Dan Brown’s Overpopulation Is Overblown

I’ve just finished reading Dan Brown’s latest book Inferno, which I’ve heard is next in line to be a feature film, with director Ron Howard and actor Tom Hanks both on-board.

A lot of people are very snobbish about Brown’s books. My feelings are that this snobbery comes out of the fact that they’re quite popular, and it’s fashionable to look down your nose at what the “masses” enjoy reading on holiday, etc.

I enjoyed the book – another fun straightforward 24-hour thriller that he’s now so well known for.

Another criticism centres around the inaccuracies of his work. But so what if it’s inaccurate? It’s a book, a story – a work of fiction. Let him make up whatever allows his story to be even more exciting I say.

The latest inaccuracies in Inferno centre around the warnings that the human population is rising out of control and so we’ll have to do (cue scary music) “something” to decrease the “surplus population” (as Ebenezer Scrooge put it in Charles Dickens’ A Christmas Carol).

The idea that there are too many humans has been around for some time. Whether it’s the 18th Century scary warnings of Thomas Malthus or Paul Ehrlich’s 1960’s scaremongering in The Population Bomb, there’s never been a shortage of people screaming that the end is neigh.

The fact is though, the overpopulation story is a myth. We’re always on the verge of a population crisis where we can’t feed everyone, and it’s all going to hell. And then it never happens.

Some smart talented people have knocked together some short, simple and highly watchable videos on this subject. They quickly and succinctly give the overpopulation myth a well-deserved reality check:

Many think that we simply don’t make enough food to feed everyone. Wrong again:

And it’s not that there’s too many of us. In some parts of the world, there’s not enough being born:

So it’s good news – if only we could solve some of the problems in the second video (war, poverty, etc.) things would be better still.

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3 thoughts on “Dan Brown’s Overpopulation Is Overblown

  1. Overpopulation is about much more than whether or not everyone on the planet is being fed. It’s about oceans full of plastics and other pollutants. It’s about virtually every freshwater lake in the Northern Hemisphere loaded with so much mercury from human activity that fish consumption advisories have to be put into place. We could go on. It’s about the futility of spreading more and more pesticides in hopes of producing more and more crops while meanwhile we’re poisoning into extinction the very pollinating species these crops depend on. It is simply not true that overpopulation has always been seen by most or even by many as a problem. In fact, quite the opposite is true – from religious leaders to politicians to economists, Most of human history has been marked by Most people calling for more, not fewer human beings. What we’re experiencing now is different, and that’s why you’re seeing more people pursue this topic with urgency. We hope you’ll read up on this and gain some perspective before flippantly dismissing this very real issue.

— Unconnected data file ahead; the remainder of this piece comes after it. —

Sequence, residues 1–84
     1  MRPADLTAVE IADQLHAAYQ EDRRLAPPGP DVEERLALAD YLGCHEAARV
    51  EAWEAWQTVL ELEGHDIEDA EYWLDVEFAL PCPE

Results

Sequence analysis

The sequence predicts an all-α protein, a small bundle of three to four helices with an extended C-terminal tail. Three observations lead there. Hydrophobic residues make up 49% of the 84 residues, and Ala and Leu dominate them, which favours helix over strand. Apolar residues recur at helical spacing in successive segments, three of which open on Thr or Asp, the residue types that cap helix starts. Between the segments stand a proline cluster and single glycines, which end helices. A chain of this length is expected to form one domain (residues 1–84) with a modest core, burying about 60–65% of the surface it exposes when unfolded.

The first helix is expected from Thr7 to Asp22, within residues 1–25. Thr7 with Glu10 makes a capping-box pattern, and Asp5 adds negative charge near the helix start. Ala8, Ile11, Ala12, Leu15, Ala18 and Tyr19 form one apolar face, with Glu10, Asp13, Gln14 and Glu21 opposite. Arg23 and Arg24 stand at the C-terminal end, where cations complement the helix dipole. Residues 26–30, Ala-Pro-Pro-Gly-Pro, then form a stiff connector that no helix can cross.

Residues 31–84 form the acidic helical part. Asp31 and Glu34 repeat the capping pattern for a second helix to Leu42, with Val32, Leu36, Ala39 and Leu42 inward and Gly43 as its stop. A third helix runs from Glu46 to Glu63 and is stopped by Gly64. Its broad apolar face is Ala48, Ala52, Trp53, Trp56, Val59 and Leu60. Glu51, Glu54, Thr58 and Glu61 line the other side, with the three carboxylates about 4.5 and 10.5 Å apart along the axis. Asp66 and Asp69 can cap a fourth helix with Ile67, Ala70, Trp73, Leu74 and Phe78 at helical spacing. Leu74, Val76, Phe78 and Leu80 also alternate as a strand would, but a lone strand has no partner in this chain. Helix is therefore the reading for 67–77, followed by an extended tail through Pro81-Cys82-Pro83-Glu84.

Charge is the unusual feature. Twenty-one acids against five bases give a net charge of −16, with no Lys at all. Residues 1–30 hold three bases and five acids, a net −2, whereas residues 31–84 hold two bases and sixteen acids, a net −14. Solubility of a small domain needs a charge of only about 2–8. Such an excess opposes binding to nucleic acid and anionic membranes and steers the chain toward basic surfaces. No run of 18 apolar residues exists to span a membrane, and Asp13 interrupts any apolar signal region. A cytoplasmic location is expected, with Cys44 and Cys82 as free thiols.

• This post was designed to refute the overpopulation claims specific to Dan Brown’s latest novel (maybe you missed that bit). Having said that, you might be right on this – I’m not up on the specifics that you list. What I do know is that your response sounds EXACTLY like the tinfoil hat-wearing “the end is neigh” doom-mongering that has been around for time immemorial.

      Two things have been true for the last few centuries (when looking at 50-100 year ‘chunks’ of time): 1) The world gets measurably better. 2) People talk about about how things are getting worse.

      Malthus predicted overpopulation being the death of most of us by 1900. Paul Ehrlich said that we’d see a third of us perish and starve by 1980. Rachel Carson said that most birds would be wiped out due to pesticides before 2000. None of these things come to pass. And the “end is neigh” crowd move onto a new fear. But you’re saying that THIS time, things will be different? Really? You’ll forgive me if I’m skeptical.

      But thank you very much for your intelligent and well-composed response.
      AJ

  2. Ladies and Gentlemen,

    Scientists warn of a rapid collapse of the Earth’s ecosystem.
    The ecological balance is under threat: climate change, population growth and environmental degradation could lead even in this century an irreversible collapse of the global ecosystem.

    –> http://newscenter.berkeley.edu/2012/06/06/scientists-uncover-evidence-of-impending-tipping-point-for-earth/

    The cardinal reason is the sudden development of human population that threatens to devour all our resources.

    Since 21 August there is therefore a petition at change.org for the introduction of global birth-controls, also in HINDI!

    If you want to support this or publish it on your website, here is the link:
    http://www.change.org/de/Petitionen/weltweite-geburtenregelungen-verbindlich-einf%C3%BChren-introduce-obligatory-worldwide-birth-controls

    Please continue to spread the link or the petition as possible to all interested people, organisations etc.

    Thank you and best regards
    Achim Wolf, Germany

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